“Geisinger is committed to military veterans by providing care options and career opportunities to them in their local communities,” said U.S. Army veteran Chris Grill, program manager of Military and Veterans Affairs at Geisinger. “This dinner is yet another way for us to thank our veterans for their service.”

Veterans may contact their preferred location to register themselves and one guest for the meal. Servings are limited, and those interested are encouraged to sign up now.

Locally, Geisinger is holding drive-through dinners for veterans at the following locations on Nov. 10:

Scranton (4 to 6 p.m.)

Wilkes-Barre (4 to 6 p.m.)

  • 1175 East Mountain Blvd., Wilkes-Barre
  • To make a reservation for this location, call 570-808-5380 or 570-808-7893, or visit

Quest Studio to Celebrate Grand Opening

Quest Studio, a specialty fitness studio & wellness studio located in Jessup will host the grand opening of their second location. The yoga and sport recovery studio, formerly the 128 year old First Presbyterian Church, located at 325 3rd Ave in Jessup, was transformed into a beautiful space for the community to continue to use after it closed on June 9, 2019.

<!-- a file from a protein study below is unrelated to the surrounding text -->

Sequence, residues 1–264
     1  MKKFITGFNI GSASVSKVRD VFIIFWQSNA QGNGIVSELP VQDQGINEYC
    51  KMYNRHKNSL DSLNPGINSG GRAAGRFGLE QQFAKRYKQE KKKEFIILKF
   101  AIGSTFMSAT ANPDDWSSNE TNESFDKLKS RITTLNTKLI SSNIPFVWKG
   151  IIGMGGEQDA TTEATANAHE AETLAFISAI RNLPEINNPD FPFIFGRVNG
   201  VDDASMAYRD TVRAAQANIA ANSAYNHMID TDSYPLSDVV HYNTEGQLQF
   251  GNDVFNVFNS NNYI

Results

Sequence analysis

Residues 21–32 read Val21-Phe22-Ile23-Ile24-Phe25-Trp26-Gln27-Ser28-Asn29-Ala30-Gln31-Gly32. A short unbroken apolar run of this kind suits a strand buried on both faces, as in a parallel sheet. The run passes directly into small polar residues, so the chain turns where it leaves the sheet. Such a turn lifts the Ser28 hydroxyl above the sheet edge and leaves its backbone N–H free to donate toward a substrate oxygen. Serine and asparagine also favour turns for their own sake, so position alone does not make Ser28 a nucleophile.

Quest Studios will be celebrating 5 years in business and the opening of their newest space with the community on Thursday, November 4.

Marywood University to Celebrate the Season by “Making Spirits Bright”

Christmas and Advent traditions at Marywood University continue this year, with protocols in place to ensure safe, in-person experiences, and opportunities for prayer, cultural events, and community service endeavors. “Making Spirits Bright” is Marywood’s way of encouraging prayer, sharing gifts, and uplifting people throughout the holiday season, starting on December 1 and continuing through New Year’s Day.